Lung microbiome plays a key role in asthma problem

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microbiome

Lung microbiome

While the microbiome has gained significant attention for its impact on digestive health in recent years, its effect on lung disease has largely remained unstudied.

“The microbiome is the ecosystem of good and bad bacteria living in the body,” said Dr. Patricia Finn from University of Illinois at Chicago. Because the lungs continuously and automatically draw air, and any number of environmental agents, into the body. The composition and balance of microbes in the lungs may have a profound effect on many respiratory conditions.

However, Finn and her colleagues suggest that the lung microbiome plays a significant role in asthma severity and response to treatment.

Asthma is a chronic disease in which lung airways become swollen and narrow, making it difficult for air to move in and out of the lungs. People with asthma have inflamed airways, they experience a shortness of breath, coughing, wheezing and chest tightness.

asthma phenotypes

In a group of asthma patients, researchers identified two asthma phenotypes by assessing the microbiome and airway inflammation. The patients age between 18 to 30 with mild or moderate atopic asthma.

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“This tells us the microbiome has relevance beyond the gut, and that it is a potential biomarker for asthma,” said Dr. David Perkins, professor of medicine and surgery at UIC, who jointly operates the lab with Finn.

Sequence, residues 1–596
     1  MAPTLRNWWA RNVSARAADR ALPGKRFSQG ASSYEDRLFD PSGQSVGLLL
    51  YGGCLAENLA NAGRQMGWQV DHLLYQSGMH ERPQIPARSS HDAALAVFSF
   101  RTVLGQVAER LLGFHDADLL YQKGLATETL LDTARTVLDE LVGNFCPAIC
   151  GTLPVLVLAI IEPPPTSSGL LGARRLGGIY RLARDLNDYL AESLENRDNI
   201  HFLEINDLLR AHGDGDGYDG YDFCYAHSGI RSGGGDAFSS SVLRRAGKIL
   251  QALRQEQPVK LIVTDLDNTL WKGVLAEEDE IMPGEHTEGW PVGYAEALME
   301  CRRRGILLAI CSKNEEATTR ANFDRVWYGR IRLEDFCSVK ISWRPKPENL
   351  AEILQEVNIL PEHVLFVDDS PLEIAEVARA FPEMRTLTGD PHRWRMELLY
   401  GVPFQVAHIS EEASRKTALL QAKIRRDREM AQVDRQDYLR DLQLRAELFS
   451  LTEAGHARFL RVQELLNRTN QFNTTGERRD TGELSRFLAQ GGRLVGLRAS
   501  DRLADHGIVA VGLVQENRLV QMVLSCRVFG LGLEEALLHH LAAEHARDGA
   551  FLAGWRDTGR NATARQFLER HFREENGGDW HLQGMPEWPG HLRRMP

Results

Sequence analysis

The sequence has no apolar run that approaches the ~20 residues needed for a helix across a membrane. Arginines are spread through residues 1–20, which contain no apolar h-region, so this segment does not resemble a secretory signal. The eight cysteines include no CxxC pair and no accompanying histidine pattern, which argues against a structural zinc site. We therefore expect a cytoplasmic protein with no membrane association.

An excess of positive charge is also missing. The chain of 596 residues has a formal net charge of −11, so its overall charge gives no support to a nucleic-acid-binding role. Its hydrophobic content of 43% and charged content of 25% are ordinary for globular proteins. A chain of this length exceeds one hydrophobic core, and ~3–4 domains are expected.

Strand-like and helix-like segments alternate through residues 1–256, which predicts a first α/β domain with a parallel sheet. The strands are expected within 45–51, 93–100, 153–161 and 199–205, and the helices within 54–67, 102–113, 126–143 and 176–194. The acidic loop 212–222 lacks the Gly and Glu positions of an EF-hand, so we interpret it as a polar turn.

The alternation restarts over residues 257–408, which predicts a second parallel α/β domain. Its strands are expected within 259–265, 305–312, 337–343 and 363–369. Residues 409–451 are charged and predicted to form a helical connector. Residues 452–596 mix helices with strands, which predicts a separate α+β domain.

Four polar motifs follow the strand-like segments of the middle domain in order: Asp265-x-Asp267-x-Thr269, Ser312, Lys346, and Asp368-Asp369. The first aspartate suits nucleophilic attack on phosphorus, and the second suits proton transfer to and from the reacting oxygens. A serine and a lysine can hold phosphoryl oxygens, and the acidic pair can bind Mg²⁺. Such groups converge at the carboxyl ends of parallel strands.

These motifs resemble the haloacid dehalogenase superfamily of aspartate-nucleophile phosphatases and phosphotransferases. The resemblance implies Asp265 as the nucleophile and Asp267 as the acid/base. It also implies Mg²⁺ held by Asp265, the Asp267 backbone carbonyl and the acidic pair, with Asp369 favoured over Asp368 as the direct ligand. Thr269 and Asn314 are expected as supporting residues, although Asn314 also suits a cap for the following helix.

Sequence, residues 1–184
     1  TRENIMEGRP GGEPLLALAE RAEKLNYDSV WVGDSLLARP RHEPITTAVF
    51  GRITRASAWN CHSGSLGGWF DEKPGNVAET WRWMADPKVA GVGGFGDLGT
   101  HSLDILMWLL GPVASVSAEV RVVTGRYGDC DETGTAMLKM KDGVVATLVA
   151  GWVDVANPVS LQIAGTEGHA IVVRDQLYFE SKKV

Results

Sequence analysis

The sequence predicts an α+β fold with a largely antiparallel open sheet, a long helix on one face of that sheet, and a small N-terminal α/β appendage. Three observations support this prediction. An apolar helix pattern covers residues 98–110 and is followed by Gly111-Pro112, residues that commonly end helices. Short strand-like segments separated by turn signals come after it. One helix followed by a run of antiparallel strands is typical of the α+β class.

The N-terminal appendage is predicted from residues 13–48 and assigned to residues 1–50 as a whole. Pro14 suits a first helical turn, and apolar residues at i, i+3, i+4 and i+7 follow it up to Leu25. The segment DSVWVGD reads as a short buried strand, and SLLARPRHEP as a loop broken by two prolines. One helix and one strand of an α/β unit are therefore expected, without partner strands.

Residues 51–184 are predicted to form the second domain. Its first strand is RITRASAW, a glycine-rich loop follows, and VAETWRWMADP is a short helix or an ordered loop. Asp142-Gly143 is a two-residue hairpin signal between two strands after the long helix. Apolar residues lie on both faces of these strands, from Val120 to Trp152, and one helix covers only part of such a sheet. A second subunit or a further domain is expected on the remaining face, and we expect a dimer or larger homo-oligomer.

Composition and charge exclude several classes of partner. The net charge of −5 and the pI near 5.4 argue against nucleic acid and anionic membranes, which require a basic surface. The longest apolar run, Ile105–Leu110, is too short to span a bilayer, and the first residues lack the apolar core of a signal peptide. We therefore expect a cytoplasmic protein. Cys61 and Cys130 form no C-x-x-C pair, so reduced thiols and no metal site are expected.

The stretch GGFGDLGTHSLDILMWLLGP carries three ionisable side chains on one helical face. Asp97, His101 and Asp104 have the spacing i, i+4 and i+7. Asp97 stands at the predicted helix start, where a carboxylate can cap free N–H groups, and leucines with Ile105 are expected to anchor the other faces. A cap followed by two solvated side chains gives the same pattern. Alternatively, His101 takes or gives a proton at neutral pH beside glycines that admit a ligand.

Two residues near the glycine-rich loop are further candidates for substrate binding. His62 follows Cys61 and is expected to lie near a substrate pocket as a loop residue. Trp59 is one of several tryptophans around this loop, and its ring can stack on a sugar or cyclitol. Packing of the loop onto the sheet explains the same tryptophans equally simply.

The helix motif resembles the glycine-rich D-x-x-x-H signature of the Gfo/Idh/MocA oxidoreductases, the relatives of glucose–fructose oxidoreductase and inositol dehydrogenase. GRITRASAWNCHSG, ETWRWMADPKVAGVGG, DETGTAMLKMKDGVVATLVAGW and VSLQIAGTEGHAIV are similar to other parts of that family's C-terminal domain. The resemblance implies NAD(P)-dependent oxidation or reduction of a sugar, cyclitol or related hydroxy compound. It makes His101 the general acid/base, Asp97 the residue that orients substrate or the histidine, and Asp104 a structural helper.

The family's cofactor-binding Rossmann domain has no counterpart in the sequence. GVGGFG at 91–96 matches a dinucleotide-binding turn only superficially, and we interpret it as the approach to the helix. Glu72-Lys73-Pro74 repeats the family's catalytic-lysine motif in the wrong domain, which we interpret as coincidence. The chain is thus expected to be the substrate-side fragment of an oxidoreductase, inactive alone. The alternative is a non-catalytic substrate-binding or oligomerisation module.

The two asthma phenotypes AP1 and AP2 separated by the prevalence and dominance of different bacteria in the lung. When compared, patients in the two groups performed differently on pulmonary function tests.

In tests, AP1 associated with less severe asthma. It decreases T helper cytokines and increased enterococcus bacteria, but normal pulmonary function tests. However, AP2 associate with increased pro-inflammatory cytokines, oral taxa and strep pneumonia bacteria, and decreased pulmonary function tests, or more severe asthma.

In both AP1 and AP2, the associations between the composition of the microbiome and specific inflammatory cytokines decreased after treatment with an inhaled corticosteroid, a common asthma therapy.

The data suggest that further study of the microbiome may help to develop more personalized treatment recommendations for patients with asthma.

More information: [PLOS ONE]